Some time ago, I came across a report in the media which said Prime Minister Imran Khan wanted his government to take steps that could help wealth creation in Pakistan. It was pleasant to read that the PM was thinking about major issue. It is important to take stock of ground realities and see where Pakistan lacks in terms of wealth creation. These realities become easier to gauge when we look at the two sides of the picture.
On one side, we have about 200 Public Sector Entities (PSEs) that are bleeding the country dry for a long time. Their combined debt stands above Rs1.5 trillion at the moment. In the last fiscal year (2018-19), these entities borrowed a record Rs330 billion to run their (loss-inflicting) affairs. Like it or not, ordinary Pakistanis will have to repay these loans and carry their burden despite the fact that majority had nothing to do with their deplorable descent into useless structures. As a whole, they are an apt reflection of Pakistan’s government – both at federal and provincial levels: incompetent, unproductive, rent-seeking and clueless in terms of innovation.
A World Bank report – Distortions to Agricultural Incentives in Light of Trade Policy – A Study on Pakistan – identifies four major rent-seeking lobbies: bureaucracy, military, industrialists and landowners. As per their calculations, the cost to Pakistani economy due to the presence of these groups is about Rs860 billion per year. Without the government’s support through financial incentives like subsidies on agricultural products and subsidised land, these rent-seeking lobbies would find it very difficult, if not impossible, to exist.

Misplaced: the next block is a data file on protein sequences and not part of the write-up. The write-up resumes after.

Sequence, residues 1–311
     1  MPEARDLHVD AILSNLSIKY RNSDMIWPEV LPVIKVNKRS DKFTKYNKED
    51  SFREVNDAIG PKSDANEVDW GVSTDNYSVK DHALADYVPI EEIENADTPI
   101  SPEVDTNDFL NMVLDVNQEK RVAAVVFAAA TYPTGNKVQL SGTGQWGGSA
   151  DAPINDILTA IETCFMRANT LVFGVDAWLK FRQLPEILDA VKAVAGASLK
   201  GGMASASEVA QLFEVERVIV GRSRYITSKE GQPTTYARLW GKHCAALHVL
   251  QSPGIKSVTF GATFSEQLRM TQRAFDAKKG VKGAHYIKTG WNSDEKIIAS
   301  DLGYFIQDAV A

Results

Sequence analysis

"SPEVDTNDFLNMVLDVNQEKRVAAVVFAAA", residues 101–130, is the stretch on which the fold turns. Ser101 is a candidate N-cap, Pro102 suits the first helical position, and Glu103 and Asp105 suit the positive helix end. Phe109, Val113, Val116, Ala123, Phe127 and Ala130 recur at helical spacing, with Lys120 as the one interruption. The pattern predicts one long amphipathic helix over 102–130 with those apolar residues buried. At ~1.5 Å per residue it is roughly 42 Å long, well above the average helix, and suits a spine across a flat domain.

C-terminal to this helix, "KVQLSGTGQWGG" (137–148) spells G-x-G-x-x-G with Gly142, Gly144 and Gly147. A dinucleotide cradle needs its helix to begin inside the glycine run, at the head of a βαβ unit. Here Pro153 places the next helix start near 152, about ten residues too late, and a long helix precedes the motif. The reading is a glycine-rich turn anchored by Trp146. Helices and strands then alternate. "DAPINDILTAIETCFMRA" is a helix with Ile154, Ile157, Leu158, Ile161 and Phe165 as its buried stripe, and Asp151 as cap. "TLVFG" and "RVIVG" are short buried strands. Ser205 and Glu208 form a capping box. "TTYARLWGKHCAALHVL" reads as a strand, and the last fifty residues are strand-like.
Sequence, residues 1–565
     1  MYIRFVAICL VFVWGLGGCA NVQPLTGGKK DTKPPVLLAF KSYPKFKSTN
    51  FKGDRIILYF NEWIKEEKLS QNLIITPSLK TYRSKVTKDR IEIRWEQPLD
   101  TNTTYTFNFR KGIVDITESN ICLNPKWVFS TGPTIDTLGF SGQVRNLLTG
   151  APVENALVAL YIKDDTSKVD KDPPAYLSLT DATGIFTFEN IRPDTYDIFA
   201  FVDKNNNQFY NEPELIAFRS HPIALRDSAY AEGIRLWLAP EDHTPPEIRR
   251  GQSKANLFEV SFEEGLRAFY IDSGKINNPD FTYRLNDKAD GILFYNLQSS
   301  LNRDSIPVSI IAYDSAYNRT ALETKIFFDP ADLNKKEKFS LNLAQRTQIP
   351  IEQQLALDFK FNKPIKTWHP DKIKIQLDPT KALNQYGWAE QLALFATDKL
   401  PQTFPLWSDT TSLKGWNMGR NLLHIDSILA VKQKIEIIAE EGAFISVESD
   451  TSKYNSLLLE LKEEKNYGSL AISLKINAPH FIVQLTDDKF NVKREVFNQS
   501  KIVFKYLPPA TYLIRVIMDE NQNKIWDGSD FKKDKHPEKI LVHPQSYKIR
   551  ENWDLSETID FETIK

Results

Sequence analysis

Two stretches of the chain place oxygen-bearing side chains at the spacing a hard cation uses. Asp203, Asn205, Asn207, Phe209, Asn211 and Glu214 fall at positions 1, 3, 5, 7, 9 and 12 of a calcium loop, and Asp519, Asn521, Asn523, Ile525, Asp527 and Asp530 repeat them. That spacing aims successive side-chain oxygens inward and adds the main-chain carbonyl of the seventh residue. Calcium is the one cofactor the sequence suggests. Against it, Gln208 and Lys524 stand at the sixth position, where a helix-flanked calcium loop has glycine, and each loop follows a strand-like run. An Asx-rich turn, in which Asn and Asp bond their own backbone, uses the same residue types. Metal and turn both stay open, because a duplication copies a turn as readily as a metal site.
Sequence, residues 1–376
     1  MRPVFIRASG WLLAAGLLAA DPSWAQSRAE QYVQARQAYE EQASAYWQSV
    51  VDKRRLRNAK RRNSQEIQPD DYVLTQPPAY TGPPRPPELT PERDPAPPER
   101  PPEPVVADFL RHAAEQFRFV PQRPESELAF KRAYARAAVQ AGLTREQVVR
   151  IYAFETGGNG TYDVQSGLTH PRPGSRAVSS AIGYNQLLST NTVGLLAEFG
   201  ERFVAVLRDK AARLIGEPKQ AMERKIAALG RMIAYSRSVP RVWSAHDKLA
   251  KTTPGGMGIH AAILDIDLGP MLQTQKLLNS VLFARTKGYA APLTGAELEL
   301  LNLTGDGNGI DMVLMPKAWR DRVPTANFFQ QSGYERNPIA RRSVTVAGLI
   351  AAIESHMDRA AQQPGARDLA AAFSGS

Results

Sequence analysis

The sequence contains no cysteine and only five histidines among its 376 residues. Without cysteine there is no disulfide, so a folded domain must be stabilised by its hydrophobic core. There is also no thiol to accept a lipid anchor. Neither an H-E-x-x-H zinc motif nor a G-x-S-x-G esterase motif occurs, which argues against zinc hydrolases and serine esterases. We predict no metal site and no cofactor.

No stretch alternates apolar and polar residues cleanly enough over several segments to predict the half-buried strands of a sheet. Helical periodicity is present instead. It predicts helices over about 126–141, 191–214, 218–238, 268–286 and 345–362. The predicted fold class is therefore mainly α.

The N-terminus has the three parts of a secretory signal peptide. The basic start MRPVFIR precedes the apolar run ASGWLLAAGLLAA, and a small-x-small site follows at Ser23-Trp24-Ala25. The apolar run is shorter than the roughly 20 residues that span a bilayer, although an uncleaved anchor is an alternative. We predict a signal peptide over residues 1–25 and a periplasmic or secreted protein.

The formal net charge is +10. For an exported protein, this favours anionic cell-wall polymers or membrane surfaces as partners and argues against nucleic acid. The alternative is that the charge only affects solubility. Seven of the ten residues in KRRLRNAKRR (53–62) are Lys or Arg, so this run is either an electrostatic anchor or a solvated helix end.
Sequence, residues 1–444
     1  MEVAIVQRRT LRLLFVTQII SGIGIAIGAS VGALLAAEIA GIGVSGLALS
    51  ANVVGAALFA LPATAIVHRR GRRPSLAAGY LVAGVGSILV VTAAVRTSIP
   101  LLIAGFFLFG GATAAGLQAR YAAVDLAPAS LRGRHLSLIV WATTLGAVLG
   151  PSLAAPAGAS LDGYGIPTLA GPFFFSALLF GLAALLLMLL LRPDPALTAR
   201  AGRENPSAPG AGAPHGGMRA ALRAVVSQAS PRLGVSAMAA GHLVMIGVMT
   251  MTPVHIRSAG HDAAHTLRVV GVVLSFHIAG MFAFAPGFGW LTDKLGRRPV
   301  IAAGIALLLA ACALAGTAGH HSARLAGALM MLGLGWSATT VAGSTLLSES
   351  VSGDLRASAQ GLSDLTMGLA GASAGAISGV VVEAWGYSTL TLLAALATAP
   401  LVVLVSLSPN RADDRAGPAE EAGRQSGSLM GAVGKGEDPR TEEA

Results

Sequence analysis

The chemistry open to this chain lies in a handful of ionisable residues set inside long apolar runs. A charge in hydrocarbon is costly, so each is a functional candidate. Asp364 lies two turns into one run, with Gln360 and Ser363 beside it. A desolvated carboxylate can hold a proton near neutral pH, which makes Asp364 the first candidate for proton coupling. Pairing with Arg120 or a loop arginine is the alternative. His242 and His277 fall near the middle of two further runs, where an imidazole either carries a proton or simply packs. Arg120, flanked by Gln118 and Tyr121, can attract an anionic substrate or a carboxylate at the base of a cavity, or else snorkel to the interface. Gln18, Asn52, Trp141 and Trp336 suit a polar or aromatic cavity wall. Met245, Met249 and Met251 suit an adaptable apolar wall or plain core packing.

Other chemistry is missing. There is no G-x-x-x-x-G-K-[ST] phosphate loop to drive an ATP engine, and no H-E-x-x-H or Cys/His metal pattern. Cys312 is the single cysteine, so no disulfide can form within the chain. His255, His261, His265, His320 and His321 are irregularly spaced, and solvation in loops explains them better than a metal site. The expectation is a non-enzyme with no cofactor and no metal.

Combined, these two groups inflicted a loss of Rs1.19 trillion upon the country in the last fiscal year!
What I described above is akin to state-led transfer of resources, which is a norm around the world and is based on the premise that resources are transferred from the richest to the poorest. But in Pakistan’s case, as with many governments around the globe, these transfers assume adverse proportions: a transfer from the poor and middle classes to the rich. No country can prosper in such circumstances.
Now let us contemplate the other side of the picture. About two weeks ago, I was invited as a guest speaker at an event held by Alternate Solutions Institute (ASI), an organisation that owes its existence to the tireless efforts of Dr Khalil and his colleagues like Dr Raza Ullah. The institute holds trainings and dialogues and invites youth from all over Pakistan. The training, roundtables and discussions are centred on a very important concept: economic freedom. The topics covered under this theme included entrepreneurship, intellectual capital, copyrights, law and economic growth, ideas and incubation centres. It keeps clear of the typical ‘media-hit’ topics (like politicians and celebrities, and their shenanigans), keeping the intellectual exchange centred on issues that matter most for wealth creation.